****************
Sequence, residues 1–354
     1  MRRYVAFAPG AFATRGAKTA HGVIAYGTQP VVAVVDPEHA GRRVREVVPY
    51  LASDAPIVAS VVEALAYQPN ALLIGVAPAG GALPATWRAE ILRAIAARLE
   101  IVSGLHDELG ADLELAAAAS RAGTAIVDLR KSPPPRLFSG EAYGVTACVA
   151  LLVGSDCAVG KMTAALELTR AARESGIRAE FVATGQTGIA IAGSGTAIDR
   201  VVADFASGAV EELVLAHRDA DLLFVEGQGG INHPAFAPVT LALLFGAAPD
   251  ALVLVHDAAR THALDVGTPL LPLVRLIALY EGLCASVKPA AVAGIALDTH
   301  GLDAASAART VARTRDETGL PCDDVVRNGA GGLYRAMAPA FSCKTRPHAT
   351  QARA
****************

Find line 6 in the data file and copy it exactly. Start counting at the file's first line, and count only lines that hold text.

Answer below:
   201  VVADFASGAV EELVLAHRDA DLLFVEGQGG INHPAFAPVT LALLFGAAPD